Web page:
ISSN (Print) - 0012-9976 | ISSN (Online) - 2349-8846

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Fiscal Transfers in Pandemic Times

The Fifteenth Finance Commission has trodden carefully in dealing with the controversial terms of reference issued to it in the presidential order. The commission had the challenging task of dividing fiscal resources between the union and the states due to the serious uncertainty posed by the pandemic. In many ways, the recommendations of the commission marks continuity. Devolution of 41% in the divisible pool of taxes to the states, despite the nudging of the centre in the terms of reference to review it and the continuation of revenue deficit grants, are some examples. The phasing out of the revenue deficit grants to the states in the next five years is likely to pose challenges to the fiscally weak states. The conditionalities mandated for availing local body grants may deny the much-needed money for them as the states may not have the incentive to undertake the reforms unless the public pressure builds up. On the whole, the report of the commission is on expected lines; it does not disappoint but all the same, like the previous commissions, it is a work in progress.

 

Finance Commission in Covid Times” is the title of the Fifteenth Finance Commission’s (FFC) report. The report was written when the first wave of COVID-19 was getting under control and no one had predicted the dramatic devastation caused by the second wave. Even as the economy was on the recovery mode, the sudden spread of the virus in the second wave has cast severe uncertainties on the economic and fiscal landscape of the country. It is not clear how both the union and the state governments will cope with the challenges of saving lives and livelihoods with their eroded fiscal situation. Surely, there will be massive increases in both deficits and debt, and the fiscal consolidation plan will have to be reworked from the one that was recommended by the finance commission. The state governments will have to reprioritise their expenditure allocations towards creating better and more responsive health systems and correct the historical neglect of the sector, besides providing for accelerated vaccination. More importantly, the medium- and long-term economic and fiscal impact of the second wave of the pandemic and how it will impact states’ finances in the next five years remains uncertain.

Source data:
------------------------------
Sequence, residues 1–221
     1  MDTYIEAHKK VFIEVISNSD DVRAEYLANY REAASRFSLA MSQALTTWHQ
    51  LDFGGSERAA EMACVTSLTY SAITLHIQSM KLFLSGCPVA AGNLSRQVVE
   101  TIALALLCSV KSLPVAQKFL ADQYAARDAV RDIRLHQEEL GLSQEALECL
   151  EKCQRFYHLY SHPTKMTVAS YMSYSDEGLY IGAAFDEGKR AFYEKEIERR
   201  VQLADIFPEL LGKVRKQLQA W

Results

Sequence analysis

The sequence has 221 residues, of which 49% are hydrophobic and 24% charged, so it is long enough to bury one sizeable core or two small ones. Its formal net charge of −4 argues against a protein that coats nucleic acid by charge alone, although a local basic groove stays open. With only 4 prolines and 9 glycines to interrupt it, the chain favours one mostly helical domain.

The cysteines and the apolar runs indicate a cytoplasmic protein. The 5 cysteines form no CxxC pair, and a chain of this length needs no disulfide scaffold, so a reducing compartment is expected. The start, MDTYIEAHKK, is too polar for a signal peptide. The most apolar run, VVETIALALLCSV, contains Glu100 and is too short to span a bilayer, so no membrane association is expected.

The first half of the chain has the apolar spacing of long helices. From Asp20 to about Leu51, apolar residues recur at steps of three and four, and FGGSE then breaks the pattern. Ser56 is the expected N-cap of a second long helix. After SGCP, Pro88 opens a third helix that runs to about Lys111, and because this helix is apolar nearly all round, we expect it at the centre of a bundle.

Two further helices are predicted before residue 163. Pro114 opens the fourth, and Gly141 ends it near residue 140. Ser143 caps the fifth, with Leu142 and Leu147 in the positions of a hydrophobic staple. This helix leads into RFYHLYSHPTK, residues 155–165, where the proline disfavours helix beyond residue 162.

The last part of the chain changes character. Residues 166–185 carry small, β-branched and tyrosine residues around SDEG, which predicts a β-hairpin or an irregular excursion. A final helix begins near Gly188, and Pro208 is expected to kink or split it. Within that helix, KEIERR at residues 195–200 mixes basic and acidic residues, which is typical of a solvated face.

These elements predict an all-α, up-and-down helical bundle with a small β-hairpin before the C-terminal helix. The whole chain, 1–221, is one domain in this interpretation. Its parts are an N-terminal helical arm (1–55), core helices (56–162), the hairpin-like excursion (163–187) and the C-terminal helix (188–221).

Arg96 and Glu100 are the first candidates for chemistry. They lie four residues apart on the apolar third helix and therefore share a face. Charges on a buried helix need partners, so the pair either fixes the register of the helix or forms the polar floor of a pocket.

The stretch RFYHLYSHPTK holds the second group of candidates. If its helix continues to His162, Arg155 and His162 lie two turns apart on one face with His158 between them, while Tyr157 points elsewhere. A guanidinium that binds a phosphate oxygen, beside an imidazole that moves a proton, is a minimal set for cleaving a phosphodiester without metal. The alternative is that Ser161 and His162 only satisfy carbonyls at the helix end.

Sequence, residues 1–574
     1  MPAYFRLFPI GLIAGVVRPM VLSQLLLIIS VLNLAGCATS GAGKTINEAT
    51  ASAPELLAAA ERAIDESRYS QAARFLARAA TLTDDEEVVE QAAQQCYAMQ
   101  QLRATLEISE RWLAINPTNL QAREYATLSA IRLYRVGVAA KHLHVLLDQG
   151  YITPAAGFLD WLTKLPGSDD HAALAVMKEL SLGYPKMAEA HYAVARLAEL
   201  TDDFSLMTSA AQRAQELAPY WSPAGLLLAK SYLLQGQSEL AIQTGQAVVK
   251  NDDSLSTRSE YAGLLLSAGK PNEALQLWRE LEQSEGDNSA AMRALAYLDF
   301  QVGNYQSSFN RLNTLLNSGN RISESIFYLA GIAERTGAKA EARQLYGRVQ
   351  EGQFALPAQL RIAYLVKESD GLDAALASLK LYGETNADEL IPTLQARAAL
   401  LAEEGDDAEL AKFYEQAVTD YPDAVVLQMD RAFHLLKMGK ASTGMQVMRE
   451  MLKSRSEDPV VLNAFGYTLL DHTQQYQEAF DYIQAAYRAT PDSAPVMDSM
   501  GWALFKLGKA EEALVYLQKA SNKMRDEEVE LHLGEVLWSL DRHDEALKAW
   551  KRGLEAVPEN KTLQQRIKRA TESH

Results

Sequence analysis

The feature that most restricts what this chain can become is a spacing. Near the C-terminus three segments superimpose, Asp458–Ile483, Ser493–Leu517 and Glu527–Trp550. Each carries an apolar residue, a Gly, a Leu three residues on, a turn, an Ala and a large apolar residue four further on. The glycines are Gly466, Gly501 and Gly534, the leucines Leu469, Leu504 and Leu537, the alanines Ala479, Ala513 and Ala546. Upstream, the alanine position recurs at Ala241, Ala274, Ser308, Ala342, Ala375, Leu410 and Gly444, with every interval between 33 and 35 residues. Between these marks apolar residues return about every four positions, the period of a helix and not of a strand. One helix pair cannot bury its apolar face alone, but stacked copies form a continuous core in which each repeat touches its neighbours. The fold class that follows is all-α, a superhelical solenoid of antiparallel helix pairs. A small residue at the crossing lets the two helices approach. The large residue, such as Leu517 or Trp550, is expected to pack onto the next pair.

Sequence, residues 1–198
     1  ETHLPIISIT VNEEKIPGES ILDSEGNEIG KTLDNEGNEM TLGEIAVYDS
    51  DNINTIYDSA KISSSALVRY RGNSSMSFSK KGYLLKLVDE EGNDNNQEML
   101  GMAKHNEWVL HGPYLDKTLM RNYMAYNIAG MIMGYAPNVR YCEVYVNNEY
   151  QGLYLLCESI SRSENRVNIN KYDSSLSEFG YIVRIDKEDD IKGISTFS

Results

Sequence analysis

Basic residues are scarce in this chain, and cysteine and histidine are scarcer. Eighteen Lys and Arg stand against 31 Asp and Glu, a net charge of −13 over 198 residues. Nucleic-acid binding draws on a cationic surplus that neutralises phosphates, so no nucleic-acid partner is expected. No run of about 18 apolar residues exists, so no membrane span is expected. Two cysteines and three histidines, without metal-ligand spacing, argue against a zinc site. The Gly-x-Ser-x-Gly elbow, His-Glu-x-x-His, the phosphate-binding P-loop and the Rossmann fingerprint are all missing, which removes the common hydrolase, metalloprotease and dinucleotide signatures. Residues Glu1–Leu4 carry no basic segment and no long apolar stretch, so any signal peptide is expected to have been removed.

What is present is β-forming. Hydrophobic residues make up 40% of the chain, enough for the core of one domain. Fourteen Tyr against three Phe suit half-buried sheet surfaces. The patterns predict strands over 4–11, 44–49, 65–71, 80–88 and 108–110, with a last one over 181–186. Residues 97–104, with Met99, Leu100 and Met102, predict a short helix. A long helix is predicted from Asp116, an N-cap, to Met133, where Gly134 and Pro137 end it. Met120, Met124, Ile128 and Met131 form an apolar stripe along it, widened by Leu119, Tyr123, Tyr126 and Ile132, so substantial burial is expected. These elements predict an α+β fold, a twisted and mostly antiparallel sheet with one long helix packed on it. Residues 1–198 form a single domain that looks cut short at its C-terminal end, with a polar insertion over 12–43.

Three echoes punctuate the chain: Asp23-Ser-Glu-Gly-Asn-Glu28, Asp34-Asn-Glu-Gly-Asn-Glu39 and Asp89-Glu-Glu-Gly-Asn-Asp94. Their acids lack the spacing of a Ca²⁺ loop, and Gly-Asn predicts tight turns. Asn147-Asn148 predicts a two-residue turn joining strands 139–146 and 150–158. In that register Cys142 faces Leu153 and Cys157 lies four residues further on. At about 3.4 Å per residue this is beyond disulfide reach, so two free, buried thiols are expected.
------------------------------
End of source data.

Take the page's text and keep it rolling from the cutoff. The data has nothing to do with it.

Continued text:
It is not the fault of the commission that it did not foresee the catastrophic second wave which has exposed the poor governance capacity of the union and state governments in dealing with the pandemic even after learning lessons from the first wave. The finance commission’s report was placed in Parliament on 1 February 2021, along with the explanatory memorandum by the union government as required under Article 281 of the Constitution. The report covers the period from 2021–22 to 2025–26. It has four volumes with the detailed analysis of macroeconomic and federal fiscal issues and recommendations in volume 1 and the relevant annexures in volume 2. Volume 3 is devoted to analysing the key departments of the union government to identify their challenges and road map for meeting them, and volume 4 analyses the finances of each state and identifies the state-specific challenges. The report is rich in analysis and should be useful to students of fiscal federalism as well as policymakers.

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Updated On : 10th Sep, 2021
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